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Getting Your Scholarship Application Ready!

Now that the scholarship application is open, what can you do? Because you can’t get your 7-semester transcript until after this semester, you won’t be able to submit your application now. That being said, you need to start working on the other parts of the application now. Below are the things you can work on now while waiting for the transcripts.

  1.  Birth certificate or Legal Permanent Resident card/document
  2. ACT/SAT scores if you are not planning on retaking the test(s) again
  3. 2017 IRS tax form 1040 for both parents and the student (if you have one). You can submit your SAR (student aid report) IF  you did not import your information on your FAFSA.
  4. Student’s resume – make sure it is current

Letters of Recommendation – Each student should be asking individuals that know them to write a recommendation letter now so that they have plenty of time to write a well-informed letter about the student. You will need two letters – one from a high school teacher that taught you and one from a pastor, employer, coach, mentor, etc.

Essay   This document will tell the selection committee who you are, what your plans are to further your education after high school, what you’ve accomplished or been involved in while in high school, what you intend to do in your future and how you intend to accomplish that.


•    Proof of U.S. Citizenship (photocopy of U.S. birth certificate) or legal permanent residency status
•    Transcripts
º    High school students must submit an official 7-semester transcript (includes fall semester grades) and dual credit transcript if applicable
º    College students must submit an official transcript of their most recently completed college courses
•    ACT and/or SAT scores (if scores appear on the back of your high school transcript, no additional documents are necessary)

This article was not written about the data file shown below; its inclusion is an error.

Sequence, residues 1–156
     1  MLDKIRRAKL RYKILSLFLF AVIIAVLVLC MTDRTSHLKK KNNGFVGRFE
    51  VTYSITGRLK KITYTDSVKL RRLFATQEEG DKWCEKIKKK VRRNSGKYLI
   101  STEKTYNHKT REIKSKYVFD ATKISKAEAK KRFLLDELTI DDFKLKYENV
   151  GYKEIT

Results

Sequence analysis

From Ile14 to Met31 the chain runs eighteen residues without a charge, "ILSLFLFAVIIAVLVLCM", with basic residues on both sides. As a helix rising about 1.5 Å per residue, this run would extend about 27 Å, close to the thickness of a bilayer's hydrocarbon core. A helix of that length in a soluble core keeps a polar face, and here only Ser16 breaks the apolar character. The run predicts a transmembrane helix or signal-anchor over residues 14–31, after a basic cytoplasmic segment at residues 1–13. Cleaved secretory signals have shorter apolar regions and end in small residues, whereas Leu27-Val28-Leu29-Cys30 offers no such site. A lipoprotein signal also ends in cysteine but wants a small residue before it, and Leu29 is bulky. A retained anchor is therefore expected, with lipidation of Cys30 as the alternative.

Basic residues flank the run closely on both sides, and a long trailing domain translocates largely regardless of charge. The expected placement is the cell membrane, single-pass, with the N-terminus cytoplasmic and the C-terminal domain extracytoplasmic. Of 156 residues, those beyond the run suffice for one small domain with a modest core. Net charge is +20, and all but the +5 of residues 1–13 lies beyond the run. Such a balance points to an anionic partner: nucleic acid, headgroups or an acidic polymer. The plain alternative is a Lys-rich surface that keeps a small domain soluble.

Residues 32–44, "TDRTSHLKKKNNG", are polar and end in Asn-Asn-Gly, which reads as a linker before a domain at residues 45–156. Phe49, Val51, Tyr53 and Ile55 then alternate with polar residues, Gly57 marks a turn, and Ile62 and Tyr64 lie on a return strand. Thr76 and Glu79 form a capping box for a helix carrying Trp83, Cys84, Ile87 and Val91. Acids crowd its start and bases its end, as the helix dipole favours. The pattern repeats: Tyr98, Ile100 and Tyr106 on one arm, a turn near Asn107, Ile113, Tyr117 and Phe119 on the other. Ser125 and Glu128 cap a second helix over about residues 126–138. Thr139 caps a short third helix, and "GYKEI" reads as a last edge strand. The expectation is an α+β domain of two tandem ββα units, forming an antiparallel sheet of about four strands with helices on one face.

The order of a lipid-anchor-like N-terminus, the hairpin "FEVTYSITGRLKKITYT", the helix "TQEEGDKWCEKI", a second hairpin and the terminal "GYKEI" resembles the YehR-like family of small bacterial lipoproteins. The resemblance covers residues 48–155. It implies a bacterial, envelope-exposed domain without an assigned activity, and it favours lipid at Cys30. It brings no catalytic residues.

•    Previous year’s IRS tax form 1040 for the household
– In place of the IRS Form 1040 you may upload a copy of your Electronic Student Aid Report (SAR) as long as you have NOT imported your financial information directly from the IRS. Please note your parent’s adjusted gross income (line 85) and your adjusted gross income (line 36) must show the dollar amount for verification.
•    Two (2) letters of recommendation – one letter should be from a teacher you had in high school, and the second letter should be from a pastor, employer, coach, mentor, etc.  Letters written by family members are not permitted.

Most importantly, begin working on this now. You will avoid the rush of the February deadline. Students who plan, execute and submit great applications give a positive outlook to the selection committee.

Here’s where you can get started: CLICK HERE to begin your scholarship application

May Grant Cycle Recap


Contact: Broc Carter | | 806.376.4521  

Amarillo Area Foundation Latest Grant Cycle Provides Majority of Funds to Rural Grants 

Amarillo- TX – The service area for the Foundation is the top 26 counties of the Texas Panhandle. The Amarillo Area Foundation’s (AAF) latest grant cycle provides $574,000 in grants to rural communities.  This is aligned with a concerted effort by AAF to enhance communities outside of Potter and Randall counties.   

“It is the mission of the Amarillo Area Foundation to improve quality of life for residents in the top 26 counties of the Texas Panhandle. For 2018, one of our goals is to focus on improving our connection with the rural communities in the Panhandle,” said Jackie Pearson, AAF Board Chair, and Spearman resident. 

59% of grants were allocated to the rural communities of: Childress, Clarendon, Cactus, Dalhart, Hereford, and Vega.  These grants represented 54% of all dollars granted in the May grant cycle.  

“While our discretionary grant cycle is only one way AAF serves the Texas Panhandle, it is perhaps the most familiar.  We recently approved 11 discretionary grants and 6 of those grants were awarded to nonprofits in rural communities,” said Pearson. 

Below is the complete list of grants awarded: 


The next discretionary grant deadline is June 29th at noon.  Organizations interested in applying can check eligibility here: CLICK HERE 

Sybil Harrington Day, October 13th

Early Life

A native of Amarillo, Sybil Harrington was the granddaughter of Amarillo pioneers Mr. and Mrs. J.E. Hughes and the daughter of the late Frank and Roxy Buckingham.

In 1935, she married Donald D. Harrington, a legend in the booming Texas oil and gas industry.

The Arts

In their travels, the Harringtons enjoyed collecting art. They sought out works by Matisse, Renoir, Chagall, Pissarro, Monet and Cassatt before most collectors recognized their value.

Mrs. Harrington donated a portion of the collection to the Phoenix Museum of Art. Her historic home at 1600 S. Polk now operates as a house museum with a collection of decorative arts and furnishings.